A couple who named their baby after Adolf Hitler and were members of a banned neo-Nazi group in Britain have been jailed for more than 10 years combined.
Adam Thomas, 22, and Claudia Patatas, 38, were sentenced to six-and-a-half and five years respectively at Birmingham Crown Court after a jury found them guilty of being members of National Action, which was banned in Britain in 2016.
Continents and regions
Families and children
Family members and relatives
Infants and toddlers
Law and legal system
Political Figures - Intl
Population and demographics
Trial and procedure
Ku Klux Klan
Racism and racial discrimination
White supremacy and neo-Nazism
Crime, law enforcement and corrections
The pair were sentenced alongside their four others, including their friend Darren Fletcher who the prosecution claimed had taught his daughter to perform a Nazi salute.
Fletcher, who admitted membership of the group prior to seven-week trial which ended last month, was said to have sent Patatas a message saying "finally got her to do it," the UK Press Association reported.
During the trial, the jury heard that Thomas and Patatas had given their child the middle name Adolf, while photos found at their house showed the newborn baby being cradled by his father dressed as a hooded Ku Klux Klan member.
Thomas had twice applied -- but failed -- to join the British Army. He had previously worked as a security guard at Amazon. He was also convicted on a majority verdict of having a terrorist manual, which contained instructions on making "viable" bombs.
Patatas, originally from Portugal, worked as a wedding photographer. The jury heard that she told another member of the group that "all Jews must be put to death" and that she wanted to "bring back concentration camps."
Sentencing Patatas, Judge Melbourne Inman QC said: "You were equally as extreme as Thomas both in your views and actions.
"You acted together in all you thought, said and did, in the naming of your son and the disturbing photographs of your child, surrounded by symbols of Nazism and the Ku Klux Klan."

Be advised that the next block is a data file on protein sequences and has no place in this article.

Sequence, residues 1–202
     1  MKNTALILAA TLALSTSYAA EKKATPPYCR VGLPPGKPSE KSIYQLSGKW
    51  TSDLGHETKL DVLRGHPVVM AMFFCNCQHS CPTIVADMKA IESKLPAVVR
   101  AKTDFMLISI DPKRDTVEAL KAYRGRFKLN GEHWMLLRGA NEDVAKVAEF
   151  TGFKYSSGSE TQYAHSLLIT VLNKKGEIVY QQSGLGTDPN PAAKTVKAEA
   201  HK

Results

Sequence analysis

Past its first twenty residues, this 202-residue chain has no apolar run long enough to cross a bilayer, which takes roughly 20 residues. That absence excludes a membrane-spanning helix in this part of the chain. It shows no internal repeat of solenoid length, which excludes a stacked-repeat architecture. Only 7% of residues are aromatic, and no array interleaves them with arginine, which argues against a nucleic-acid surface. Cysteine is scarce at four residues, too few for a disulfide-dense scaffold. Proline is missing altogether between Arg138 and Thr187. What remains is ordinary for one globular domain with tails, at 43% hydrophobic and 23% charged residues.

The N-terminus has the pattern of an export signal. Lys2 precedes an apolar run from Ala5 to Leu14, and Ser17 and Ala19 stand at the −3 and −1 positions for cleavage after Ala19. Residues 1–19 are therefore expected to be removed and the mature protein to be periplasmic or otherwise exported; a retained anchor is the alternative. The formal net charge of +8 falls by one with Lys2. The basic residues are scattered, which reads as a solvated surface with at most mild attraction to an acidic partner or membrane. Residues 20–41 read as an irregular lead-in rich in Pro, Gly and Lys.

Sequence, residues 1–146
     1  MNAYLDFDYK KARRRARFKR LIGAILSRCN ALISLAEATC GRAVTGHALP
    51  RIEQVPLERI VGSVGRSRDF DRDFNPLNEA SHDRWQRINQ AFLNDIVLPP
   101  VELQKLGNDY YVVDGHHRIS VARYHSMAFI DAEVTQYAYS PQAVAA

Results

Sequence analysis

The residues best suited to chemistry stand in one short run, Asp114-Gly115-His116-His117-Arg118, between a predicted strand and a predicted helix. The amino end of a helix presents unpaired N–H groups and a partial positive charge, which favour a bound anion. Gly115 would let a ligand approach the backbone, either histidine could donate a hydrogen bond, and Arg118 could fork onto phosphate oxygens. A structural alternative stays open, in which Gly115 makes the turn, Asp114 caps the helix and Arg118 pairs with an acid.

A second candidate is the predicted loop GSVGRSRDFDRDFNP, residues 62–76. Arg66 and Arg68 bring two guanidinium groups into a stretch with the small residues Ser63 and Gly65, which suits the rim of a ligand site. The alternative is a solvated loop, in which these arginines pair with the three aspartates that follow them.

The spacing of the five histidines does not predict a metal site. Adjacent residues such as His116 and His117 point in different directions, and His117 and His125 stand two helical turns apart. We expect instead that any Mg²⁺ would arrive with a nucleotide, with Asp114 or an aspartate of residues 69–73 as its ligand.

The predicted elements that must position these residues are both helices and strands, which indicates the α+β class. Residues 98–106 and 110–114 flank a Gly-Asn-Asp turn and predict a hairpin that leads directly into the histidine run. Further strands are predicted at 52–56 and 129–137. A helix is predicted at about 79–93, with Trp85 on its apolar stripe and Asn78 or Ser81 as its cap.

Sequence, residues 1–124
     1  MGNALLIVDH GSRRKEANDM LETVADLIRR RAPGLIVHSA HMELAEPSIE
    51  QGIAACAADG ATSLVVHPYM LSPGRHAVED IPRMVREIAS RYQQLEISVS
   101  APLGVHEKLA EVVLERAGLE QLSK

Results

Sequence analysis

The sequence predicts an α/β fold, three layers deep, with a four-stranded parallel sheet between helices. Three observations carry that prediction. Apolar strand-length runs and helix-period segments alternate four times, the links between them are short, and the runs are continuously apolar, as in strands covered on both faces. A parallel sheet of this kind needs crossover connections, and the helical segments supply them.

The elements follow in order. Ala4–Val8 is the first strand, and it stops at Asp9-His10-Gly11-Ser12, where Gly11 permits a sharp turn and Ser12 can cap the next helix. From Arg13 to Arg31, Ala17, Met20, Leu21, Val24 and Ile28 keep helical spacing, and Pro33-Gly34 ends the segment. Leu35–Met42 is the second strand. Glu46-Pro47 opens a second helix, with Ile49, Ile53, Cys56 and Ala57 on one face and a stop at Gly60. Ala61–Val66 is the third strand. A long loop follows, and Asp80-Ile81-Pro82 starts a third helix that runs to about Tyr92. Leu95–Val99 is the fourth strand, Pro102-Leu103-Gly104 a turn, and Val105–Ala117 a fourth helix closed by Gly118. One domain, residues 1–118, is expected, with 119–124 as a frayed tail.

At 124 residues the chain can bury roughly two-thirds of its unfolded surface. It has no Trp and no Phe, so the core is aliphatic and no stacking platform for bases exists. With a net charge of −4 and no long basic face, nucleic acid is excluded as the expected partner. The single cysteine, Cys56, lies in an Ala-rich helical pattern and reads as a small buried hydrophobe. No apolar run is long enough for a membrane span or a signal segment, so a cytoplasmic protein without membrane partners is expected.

The pair stood trial alongside Daniel Bogunovic, 27, from Leicester, who was described in court last week as a "committed National Action leader, propagandist and strategist," within the group's Midlands cell.
The two other men, cyber security worker and the Midlands' National Action cell's "banker" Joel Wilmore, 24, and van driver Nathan Pryke, 26, described as the group's "security enforcer," were also sentenced.
The court handed down the following jail sentences: Bogunovic, six years and four months; Fletcher, five years; Pryke, five years and five months; and Wilmore five years and 10 months.
Opening the case on Friday, Barnaby Jameson QC, prosecuting, said all six had been members of the group post-ban and taken part in the organization's chat groups, which were staging posts for comments of "virulent racism, particularly from Thomas, Patatas and Fletcher."
He added: "Leaders Pryke, Wilmore and Bogunovic were more circumspect in their views but on occasion the true depth of their racial hatred leeched out.
The group was outlawed after it had celebrated the murder of Labour Party member of Parliament Jo Cox. The then home secretary, Amber Rudd, called it "racist, anti-Semitic, and homophobic."
Rudd added that it is an "organization which stirs up hatred, glorifies violence, and promotes a vile ideology, and I will not stand for it. It has absolutely no place in a Britain that works for everyone."
The judge said the group had "horrific aims" and that one of its objectives was "the overthrow of democracy in this country by serious violence and murder, and the imposition of a Nazi-style state which would eradicate whole sections of society by such violence and mass murder."
The judge continued: "If there was any room for misunderstanding then any member of the public need only watch the video shown in court," adding that the promotional footage for National Action "would give a stark and rightly terrifying image of what life in this country would be like if your organization achieved its aims.
"The public have a right to know what you would wish to subject them to."